Category Archives: Management

Do you need to build a cathedral to give meaning to your employees’ work?

Our era is in search of meaning; at least that is what we hear over and over again in companies and in society as a whole. The absence of meaning leads to disengagement, and the human resources departments of large companies are engaged in a great race to “recreate meaning” under the leadership of visionary leaders. The idea is that an ambitious vision, a noble purpose, a great narrative, will give meaning to wandering souls. This idea is illustrated by a famous tale, that of the stonemason who builds a cathedral, motivated by something greater than himself. However attractive it may be, this tale plays on questionable beliefs, and the fact that it has become a reference for motivational seminars is regrettable. In fact, it is not necessary to build a cathedral to give meaning to one’s work.

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In the face of uncertainty, what can you control?

Uncertainty is anxiety-provoking in many ways, and often with good reason. Defined as the absence of information about a given phenomenon, it often means that we don’t know what to expect, leaving the door open to unpleasant surprises – loss of job, illness, accident, war, etc. – and leaving us helpless. Because the main fear linked to uncertainty is that of loss of control, where we can no longer foresee or plan. But this fear is based on a belief that only prediction allows control. This is not necessarily the case, and the two notions can be dissociated, with important consequences for management.

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In the face of uncertainty, be vulnerable

Decision-making in uncertainty is a difficult art. One of the reasons is that the tools and concepts we use are, for the most part, design for risk, i.e. for clearly defined and repeated situations. Such tools assume that uncertainty is something to protect against. This mental model of protection, which seems so logical, is in fact counterproductive. What if, on the contrary, we should not protect ourselves (too much) from uncertainty?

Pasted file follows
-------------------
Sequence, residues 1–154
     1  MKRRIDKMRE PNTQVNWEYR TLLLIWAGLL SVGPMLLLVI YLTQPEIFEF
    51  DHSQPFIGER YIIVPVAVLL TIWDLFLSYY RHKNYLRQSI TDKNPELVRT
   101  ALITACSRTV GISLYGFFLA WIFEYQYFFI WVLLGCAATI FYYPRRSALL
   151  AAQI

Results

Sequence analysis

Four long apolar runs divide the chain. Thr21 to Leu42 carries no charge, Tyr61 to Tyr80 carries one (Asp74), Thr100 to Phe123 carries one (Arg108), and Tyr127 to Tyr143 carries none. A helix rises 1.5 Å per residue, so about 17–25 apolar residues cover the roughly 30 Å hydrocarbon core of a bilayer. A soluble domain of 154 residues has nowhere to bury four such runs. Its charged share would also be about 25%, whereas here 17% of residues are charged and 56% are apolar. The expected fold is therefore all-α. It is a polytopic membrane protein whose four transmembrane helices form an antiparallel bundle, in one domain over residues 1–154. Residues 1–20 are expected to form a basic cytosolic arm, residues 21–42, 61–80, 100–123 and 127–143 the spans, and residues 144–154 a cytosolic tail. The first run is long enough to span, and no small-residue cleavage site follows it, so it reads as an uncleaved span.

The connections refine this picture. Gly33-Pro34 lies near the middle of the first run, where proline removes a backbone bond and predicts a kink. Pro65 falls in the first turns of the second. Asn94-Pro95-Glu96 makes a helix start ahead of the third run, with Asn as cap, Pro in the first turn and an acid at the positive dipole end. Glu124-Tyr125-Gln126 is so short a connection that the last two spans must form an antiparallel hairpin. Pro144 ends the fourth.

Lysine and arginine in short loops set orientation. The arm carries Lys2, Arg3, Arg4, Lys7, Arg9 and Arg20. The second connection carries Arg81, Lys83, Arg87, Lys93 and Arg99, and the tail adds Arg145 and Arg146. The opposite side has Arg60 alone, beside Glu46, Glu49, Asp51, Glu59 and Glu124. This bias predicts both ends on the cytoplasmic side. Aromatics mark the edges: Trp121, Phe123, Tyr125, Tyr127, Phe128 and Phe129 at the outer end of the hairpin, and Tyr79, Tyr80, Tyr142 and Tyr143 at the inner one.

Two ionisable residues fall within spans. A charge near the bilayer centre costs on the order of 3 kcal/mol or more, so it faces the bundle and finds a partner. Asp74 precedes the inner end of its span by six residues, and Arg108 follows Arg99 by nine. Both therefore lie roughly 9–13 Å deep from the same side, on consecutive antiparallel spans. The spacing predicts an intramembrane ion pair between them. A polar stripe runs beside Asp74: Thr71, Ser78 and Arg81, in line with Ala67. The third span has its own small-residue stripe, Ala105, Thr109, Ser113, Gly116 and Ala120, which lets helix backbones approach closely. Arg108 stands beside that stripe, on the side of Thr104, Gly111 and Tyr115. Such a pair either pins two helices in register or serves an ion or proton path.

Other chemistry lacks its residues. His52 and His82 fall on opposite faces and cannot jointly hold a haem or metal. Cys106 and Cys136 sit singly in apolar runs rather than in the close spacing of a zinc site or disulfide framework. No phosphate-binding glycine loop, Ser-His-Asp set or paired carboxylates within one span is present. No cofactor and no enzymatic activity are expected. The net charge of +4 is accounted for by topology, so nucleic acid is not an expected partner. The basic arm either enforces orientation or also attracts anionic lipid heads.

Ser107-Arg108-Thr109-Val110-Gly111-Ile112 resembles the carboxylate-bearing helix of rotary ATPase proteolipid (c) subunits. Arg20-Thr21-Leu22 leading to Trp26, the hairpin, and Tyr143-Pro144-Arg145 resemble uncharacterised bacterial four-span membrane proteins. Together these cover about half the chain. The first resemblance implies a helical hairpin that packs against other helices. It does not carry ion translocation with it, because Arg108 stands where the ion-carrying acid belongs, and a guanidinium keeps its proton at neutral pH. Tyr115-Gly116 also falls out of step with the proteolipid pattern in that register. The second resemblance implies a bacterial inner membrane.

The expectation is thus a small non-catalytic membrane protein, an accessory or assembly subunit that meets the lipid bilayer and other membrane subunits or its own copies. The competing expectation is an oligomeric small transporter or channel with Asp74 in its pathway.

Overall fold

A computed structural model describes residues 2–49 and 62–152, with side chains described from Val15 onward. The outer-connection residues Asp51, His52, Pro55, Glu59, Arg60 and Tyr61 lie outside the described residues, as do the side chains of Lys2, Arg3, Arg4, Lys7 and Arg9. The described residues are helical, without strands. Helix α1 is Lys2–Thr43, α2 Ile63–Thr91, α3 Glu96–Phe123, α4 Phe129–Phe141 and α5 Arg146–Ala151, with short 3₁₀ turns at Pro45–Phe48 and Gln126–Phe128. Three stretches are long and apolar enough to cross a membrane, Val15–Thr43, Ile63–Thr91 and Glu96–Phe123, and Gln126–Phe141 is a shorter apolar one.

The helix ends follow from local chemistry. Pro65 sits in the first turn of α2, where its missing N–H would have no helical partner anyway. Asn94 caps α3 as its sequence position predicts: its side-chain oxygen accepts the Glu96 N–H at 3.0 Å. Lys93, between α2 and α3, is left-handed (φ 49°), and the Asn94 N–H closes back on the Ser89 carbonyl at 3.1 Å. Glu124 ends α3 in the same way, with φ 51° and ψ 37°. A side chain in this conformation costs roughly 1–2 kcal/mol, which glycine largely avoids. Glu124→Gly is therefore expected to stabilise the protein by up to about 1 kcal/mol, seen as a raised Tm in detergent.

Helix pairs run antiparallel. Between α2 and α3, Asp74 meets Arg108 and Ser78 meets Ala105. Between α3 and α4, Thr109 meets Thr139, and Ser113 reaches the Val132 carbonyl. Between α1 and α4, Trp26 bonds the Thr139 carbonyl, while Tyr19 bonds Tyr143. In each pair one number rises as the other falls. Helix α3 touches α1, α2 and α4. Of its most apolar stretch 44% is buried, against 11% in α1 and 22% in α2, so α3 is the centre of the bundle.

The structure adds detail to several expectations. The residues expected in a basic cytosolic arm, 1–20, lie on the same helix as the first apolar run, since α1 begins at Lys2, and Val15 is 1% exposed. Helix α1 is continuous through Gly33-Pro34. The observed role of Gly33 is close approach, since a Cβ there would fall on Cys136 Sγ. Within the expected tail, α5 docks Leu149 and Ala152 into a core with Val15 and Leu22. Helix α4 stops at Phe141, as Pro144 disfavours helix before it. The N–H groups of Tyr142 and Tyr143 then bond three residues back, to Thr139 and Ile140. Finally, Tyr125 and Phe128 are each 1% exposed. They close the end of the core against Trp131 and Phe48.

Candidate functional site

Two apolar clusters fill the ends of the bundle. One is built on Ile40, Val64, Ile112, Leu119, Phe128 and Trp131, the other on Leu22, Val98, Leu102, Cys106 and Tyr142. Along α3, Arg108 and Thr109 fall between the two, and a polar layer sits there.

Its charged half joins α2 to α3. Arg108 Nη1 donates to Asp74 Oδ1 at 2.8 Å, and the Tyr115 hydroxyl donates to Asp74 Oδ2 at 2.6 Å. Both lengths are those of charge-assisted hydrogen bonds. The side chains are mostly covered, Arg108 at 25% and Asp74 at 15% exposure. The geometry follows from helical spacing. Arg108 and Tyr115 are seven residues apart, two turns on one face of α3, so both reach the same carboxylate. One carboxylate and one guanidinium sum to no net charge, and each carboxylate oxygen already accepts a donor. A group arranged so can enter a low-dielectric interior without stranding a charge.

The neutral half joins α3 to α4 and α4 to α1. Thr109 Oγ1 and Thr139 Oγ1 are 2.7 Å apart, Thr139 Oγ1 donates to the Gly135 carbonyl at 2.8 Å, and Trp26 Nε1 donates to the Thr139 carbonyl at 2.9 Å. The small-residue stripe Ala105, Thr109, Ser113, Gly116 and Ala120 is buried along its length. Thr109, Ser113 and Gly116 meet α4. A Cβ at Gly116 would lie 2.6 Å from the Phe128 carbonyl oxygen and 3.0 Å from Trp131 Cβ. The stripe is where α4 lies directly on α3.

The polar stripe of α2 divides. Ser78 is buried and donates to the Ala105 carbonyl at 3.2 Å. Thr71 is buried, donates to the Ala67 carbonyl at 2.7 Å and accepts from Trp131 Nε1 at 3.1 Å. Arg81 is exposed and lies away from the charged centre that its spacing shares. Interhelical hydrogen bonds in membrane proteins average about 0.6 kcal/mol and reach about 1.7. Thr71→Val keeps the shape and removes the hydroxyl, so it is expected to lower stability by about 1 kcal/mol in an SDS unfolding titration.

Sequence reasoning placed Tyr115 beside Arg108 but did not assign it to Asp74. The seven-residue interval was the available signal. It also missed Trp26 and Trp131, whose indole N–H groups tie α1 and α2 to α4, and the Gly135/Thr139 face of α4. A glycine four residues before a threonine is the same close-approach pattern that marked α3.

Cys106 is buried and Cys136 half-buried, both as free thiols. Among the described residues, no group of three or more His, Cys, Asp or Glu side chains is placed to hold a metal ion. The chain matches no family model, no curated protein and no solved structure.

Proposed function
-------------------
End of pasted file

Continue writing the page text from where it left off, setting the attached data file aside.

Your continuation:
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Entrepreneurship and human action: Why the award received by Darden’s Saras Sarasvathy is important

Saras Sarasvathy, the originator of the entrepreneurial theory of effectuation, has just received the prestigious Swedish Global Award for Entrepreneurship Research. Organized since 1996 by the Swedish Foundation for Small Business Research (FSF) and the Swedish Agency for Economic and Regional Growth, the award recognizes researchers who made major contributions to entrepreneurship research. She joins such great researchers as Sidney Winter, Shaker Zahra, Kathleen Eisenhardt, Scott Shane, Israel Kirzner, William Gartner, William Beaumol or Zoltan Acs and David Audretsch. The prize is the recognition of more than twenty years of efforts to promote a radically different approach to entrepreneurship. But its significance goes far beyond that, as effectuation is above all a vision of human action and freedom.

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The three (wrong) reasons why you want to motivate your employees in the face of uncertainty

We live in a world marked by uncertainty and punctuated by major surprises that call into question many of our beliefs. This questioning can be very anxiety-provoking as it seems that we can no longer rely on anything stable to move forward in life. This is particularly true in companies: the situation can go as far as a form of paralysis, caused by the feeling that whatever we undertake, an unforeseen event will call everything into question. This can lead to a loss of motivation. And yet, there is no reason why uncertainty should be demotivating.